Over 800 athletes are competing for honours in the European Kung Fu Championships hosted for the first time in Georgia, with the official opening of the tournament already held on Tuesday.
Organised by the Georgian National Wushu Federation, the competition involves various disciplines of kung fu, a Chinese martial art sport developed after World War II.
Competitors had been involved in matches held in the Wingchun discipline before the formal opening of the championships yesterday.
Starting today, they will showcase their skills in kung fu, considered the traditional branch of the sport known as wushu.
Representing 28 nations, the athletes will face each other at the Tbilisi Olympic Palace, the venue for the European competition.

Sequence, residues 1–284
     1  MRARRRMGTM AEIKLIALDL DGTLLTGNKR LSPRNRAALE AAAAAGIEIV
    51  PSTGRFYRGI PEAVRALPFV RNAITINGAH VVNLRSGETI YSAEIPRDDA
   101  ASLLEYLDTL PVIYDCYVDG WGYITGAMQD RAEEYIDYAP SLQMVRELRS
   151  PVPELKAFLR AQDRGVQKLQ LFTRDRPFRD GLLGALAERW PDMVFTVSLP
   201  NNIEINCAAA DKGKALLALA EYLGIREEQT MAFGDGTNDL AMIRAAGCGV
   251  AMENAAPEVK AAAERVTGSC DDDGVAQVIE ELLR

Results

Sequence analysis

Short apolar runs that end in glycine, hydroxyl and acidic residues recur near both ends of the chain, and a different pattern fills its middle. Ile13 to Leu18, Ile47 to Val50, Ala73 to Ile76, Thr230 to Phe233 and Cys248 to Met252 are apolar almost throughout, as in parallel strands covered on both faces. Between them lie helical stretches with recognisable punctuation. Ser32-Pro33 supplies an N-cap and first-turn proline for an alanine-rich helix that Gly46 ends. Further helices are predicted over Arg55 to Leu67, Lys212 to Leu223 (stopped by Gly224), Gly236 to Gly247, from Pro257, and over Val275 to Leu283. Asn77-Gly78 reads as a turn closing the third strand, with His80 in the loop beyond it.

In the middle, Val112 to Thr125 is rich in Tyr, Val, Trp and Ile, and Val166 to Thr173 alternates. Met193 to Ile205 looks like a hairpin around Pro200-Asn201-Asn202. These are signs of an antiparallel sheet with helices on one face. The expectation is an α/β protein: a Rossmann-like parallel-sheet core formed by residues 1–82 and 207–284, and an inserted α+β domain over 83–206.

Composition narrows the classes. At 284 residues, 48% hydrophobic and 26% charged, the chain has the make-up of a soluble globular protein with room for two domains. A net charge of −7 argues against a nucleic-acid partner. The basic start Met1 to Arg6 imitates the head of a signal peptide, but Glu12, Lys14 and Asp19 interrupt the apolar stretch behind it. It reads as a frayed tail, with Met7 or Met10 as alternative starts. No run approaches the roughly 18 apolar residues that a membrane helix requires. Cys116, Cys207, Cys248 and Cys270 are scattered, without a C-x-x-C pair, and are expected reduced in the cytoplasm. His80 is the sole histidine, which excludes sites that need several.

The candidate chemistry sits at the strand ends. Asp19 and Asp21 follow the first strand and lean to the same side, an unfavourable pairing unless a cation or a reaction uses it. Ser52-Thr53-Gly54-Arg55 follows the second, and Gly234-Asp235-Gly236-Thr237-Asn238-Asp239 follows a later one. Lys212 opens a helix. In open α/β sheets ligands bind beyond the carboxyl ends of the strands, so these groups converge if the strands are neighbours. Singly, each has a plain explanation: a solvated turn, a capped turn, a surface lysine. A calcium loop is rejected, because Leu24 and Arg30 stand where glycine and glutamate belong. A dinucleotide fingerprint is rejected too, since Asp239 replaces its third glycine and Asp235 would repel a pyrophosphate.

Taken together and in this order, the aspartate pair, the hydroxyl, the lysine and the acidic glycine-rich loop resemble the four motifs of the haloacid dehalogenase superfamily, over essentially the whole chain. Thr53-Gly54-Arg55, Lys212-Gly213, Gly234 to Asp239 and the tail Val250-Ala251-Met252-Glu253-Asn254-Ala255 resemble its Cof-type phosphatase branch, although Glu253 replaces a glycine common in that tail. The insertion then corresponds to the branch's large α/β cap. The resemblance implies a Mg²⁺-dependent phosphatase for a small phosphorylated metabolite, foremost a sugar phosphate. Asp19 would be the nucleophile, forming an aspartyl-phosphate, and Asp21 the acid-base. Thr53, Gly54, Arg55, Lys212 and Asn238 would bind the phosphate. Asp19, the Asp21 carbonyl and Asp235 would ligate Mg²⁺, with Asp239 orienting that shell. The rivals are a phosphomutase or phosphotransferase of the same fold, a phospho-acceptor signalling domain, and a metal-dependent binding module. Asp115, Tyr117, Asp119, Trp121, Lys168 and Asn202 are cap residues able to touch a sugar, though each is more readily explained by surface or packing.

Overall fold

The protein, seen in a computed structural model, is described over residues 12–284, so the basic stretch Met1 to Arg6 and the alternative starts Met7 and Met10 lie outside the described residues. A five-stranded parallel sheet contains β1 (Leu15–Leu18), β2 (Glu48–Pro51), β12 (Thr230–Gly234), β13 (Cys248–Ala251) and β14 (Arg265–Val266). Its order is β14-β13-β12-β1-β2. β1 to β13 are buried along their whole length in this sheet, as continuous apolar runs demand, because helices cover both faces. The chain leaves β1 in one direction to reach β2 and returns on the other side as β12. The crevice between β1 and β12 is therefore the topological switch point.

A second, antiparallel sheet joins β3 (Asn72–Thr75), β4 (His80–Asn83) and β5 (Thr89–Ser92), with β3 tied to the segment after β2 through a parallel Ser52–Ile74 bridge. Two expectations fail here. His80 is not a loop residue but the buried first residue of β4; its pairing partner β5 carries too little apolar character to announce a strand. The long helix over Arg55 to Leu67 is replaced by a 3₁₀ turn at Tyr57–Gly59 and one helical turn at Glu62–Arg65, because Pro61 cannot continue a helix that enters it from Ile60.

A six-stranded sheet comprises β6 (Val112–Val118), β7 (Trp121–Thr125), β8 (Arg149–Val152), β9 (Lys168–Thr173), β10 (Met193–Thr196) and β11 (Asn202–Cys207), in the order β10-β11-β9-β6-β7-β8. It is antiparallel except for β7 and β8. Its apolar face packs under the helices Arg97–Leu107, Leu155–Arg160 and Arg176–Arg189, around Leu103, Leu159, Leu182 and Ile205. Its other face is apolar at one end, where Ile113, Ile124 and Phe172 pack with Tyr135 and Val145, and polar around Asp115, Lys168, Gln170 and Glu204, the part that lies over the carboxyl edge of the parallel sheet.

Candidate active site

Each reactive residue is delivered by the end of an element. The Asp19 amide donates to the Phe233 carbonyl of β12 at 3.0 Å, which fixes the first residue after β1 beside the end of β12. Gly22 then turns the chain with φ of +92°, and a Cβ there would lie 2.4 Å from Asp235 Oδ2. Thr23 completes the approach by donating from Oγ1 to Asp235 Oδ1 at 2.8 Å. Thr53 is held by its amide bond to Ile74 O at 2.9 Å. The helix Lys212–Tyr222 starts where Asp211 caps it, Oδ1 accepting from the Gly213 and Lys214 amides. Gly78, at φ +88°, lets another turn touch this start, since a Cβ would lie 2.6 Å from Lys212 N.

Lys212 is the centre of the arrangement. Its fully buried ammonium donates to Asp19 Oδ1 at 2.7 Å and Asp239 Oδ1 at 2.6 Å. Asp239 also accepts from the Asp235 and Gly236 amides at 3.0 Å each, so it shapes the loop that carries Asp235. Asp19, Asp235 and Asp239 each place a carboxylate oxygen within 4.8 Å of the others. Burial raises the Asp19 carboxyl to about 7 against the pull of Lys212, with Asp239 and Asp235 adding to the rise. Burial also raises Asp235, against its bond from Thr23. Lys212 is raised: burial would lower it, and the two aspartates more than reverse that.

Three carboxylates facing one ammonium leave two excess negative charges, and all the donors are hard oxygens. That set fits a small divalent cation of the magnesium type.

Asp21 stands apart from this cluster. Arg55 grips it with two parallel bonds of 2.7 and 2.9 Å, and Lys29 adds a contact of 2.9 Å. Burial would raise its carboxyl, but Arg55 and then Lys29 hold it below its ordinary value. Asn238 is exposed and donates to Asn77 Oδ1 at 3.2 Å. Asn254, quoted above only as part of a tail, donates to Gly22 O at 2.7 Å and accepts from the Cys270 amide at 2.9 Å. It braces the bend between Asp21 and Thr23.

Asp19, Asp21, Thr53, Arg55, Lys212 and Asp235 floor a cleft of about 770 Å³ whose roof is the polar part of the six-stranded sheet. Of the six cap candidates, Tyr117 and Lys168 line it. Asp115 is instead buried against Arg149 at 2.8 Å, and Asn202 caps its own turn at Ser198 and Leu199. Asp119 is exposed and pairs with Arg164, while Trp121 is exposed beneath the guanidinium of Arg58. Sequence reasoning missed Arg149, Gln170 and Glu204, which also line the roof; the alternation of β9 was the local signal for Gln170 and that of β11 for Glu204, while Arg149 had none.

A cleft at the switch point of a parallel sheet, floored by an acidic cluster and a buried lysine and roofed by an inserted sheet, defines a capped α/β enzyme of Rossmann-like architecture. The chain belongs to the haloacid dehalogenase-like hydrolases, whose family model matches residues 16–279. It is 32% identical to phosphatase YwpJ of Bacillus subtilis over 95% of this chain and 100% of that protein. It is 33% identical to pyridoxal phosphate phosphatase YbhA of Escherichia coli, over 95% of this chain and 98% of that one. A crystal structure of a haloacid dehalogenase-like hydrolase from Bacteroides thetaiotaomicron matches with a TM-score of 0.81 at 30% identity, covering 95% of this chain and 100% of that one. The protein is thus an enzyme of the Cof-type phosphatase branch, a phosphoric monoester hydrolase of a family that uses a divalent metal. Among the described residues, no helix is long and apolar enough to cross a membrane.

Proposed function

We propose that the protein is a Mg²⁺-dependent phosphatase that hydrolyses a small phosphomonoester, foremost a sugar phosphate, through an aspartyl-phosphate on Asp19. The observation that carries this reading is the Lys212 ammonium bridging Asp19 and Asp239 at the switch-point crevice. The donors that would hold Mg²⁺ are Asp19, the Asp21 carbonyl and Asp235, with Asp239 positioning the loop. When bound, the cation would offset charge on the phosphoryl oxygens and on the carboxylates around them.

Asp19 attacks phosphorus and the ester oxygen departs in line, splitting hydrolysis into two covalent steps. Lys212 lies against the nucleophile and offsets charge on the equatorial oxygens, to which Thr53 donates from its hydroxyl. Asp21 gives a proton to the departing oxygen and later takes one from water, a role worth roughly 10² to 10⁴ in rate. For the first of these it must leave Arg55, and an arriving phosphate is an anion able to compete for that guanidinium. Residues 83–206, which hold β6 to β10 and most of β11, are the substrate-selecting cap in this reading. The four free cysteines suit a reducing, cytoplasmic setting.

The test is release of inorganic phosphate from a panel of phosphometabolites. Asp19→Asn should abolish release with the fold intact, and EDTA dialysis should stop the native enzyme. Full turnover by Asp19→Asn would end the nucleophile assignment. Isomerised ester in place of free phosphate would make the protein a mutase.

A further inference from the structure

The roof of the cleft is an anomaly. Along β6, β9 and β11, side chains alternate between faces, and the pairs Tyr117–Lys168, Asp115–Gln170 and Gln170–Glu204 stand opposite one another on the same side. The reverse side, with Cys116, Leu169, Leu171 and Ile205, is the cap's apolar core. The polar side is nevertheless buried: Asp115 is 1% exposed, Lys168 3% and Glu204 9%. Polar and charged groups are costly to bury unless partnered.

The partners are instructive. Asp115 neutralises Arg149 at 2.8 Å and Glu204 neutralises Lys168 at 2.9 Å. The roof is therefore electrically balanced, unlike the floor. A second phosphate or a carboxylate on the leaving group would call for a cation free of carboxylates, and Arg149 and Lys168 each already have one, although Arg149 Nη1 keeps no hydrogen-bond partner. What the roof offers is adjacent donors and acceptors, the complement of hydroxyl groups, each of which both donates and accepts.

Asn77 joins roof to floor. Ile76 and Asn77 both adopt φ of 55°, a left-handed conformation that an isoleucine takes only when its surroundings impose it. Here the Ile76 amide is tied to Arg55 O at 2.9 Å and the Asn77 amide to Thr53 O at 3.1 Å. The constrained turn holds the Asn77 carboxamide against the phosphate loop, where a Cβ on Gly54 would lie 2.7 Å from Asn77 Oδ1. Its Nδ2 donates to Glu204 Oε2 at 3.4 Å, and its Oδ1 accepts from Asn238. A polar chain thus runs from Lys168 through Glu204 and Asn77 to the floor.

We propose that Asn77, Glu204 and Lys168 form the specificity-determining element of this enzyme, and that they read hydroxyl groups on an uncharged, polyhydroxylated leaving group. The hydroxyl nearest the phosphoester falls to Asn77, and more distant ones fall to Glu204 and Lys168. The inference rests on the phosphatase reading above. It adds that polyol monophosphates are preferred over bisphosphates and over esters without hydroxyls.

Marking Georgia’s first ever hosting of the tournament, the Embassy of China presented the National Wushu Federation with “highly valued” carpets used for matches, said the Ministry of Sport and Youth Affairs of Georgia.
The championships are held in the framework of Check in Georgia – a government program of sporting competitions, cultural and tourist events across the country throughout the year.
The program for sporting events of the project was announced earlier this year and includes a dozen competitions and matches through late September.